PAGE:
Patients with dentinogenesis imperfecta type III are affected in a ratio of approximately 55 males to 45 females. Symptoms begin as soon as baby teeth erupt. It tends to run in families. The disorder was first found to occur in people who lived in Brandywine, MD, but it can also affect persons of Ashkenazi Jewish heritage.
There do not appear to be reliable numbers for the prevalence or incidence of each of the types of dentinogenesis imperfecta. However as a whole, the disorder affects 1 in 6000 to 8,000 people.
X-rays of the teeth are key to the diagnosis after a thorough family history and clinical examination.
Treatment of children with dentinogenesis imperfecta type III consists of placement of a full set of dental crowns over the teeth. In adults, all teeth may be extracted carefully by elevation and replaced with a full set of dentures. It is recommended that treatment is started early to improve the facial appearance of young patients.
Genetic counseling is recommended for families of children with dentinogenesis imperfecta.
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Beers MH, Berkow R., eds. The Merck Manual, 17th ed. Whitehouse Station, NJ: Merck Research Laboratories; 1999:761.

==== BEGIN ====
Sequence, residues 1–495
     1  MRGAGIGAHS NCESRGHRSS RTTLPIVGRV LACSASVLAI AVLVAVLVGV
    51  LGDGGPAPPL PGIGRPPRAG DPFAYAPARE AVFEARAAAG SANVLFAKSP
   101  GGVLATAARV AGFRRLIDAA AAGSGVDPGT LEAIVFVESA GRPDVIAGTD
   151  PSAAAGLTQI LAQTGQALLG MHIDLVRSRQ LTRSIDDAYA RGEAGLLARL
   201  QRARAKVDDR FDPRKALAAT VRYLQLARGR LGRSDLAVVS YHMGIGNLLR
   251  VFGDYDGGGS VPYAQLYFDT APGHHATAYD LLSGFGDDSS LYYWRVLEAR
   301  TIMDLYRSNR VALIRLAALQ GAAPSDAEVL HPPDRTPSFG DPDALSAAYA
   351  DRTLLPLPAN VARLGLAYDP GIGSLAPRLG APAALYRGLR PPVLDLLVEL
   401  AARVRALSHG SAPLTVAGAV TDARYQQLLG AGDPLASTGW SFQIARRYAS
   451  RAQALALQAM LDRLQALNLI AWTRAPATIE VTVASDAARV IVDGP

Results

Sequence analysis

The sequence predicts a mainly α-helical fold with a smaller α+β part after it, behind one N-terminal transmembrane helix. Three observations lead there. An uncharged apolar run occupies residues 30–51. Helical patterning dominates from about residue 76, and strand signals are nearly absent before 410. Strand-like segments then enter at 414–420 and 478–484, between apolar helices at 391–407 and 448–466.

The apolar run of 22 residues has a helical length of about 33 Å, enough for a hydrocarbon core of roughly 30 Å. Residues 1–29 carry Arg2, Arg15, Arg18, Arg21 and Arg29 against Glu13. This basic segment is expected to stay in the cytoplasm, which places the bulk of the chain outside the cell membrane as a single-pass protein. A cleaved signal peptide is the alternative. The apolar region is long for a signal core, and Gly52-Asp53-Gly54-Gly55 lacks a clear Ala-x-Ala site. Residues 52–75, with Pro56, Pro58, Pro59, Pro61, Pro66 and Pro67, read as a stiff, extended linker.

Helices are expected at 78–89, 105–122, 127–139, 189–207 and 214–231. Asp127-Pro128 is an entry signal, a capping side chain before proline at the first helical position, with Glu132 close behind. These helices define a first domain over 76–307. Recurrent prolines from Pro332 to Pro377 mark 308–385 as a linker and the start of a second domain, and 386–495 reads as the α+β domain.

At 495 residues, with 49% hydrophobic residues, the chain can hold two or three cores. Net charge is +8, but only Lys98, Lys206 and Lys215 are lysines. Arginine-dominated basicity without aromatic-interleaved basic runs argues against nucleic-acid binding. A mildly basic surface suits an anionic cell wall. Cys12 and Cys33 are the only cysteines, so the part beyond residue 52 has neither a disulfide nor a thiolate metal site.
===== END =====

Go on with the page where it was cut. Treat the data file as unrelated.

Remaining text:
MacDougall M. Dental structural diseases mapping to human chromosome 4q21. Connect Tissue Res. 2003;44 Suppl 1:285-89.
Dong J, Gu T, Jeffords L, et al. Dentin phosphoprotein compound mutation in dentin sialophosphoprotein causes dentinogenesis imperfecta type III. Am J Med Genet. 2005;132:305-09.
Kim JW, Hu JC, Lee JI, et al. Mutational hot spot in the DSPP gene causing dentinogenesis imperfecta type II. Hum Genet. 2005;116:186-91.
MacDougall M, Jeffords LG, Gu TT, et al. Genetic linkage of dentinogenesis imperfecta type III locus to chromosome 4q. J Dent Res. 1999;78:1277-82.
FROM THE INTERNET
McKusick VA, ed. Online Mendelian Inheritance in Man (OMIM). The Johns Hopkins University. Dentinogenesis Imperfecta 1; DGI-I. Entry Number; 125490: Last Edit Date; 2/1/2001.
McKusick VA, ed. Online Mendelian Inheritance in Man(OMIM). The Johns Hopkins University. Dentinogenesis Imperfecta, Shields Type III. Entry Number; 125500: Last Edit Date; 7/14/2005.
McKusick VA, ed. Online Mendelian Inheritance in Man (OMIM). The Johns Hopkins University. Dentin dysplasia, type I. Entry Number; 125400: Last Edit Date;3/18/2004.
McKusick VA, ed. Online Mendelian Inheritance in Man (OMIM). The Johns Hopkins University. Dentin Dysplasia, Type II. Entry Number; 125420: Last Edit Date; 2/3/2004.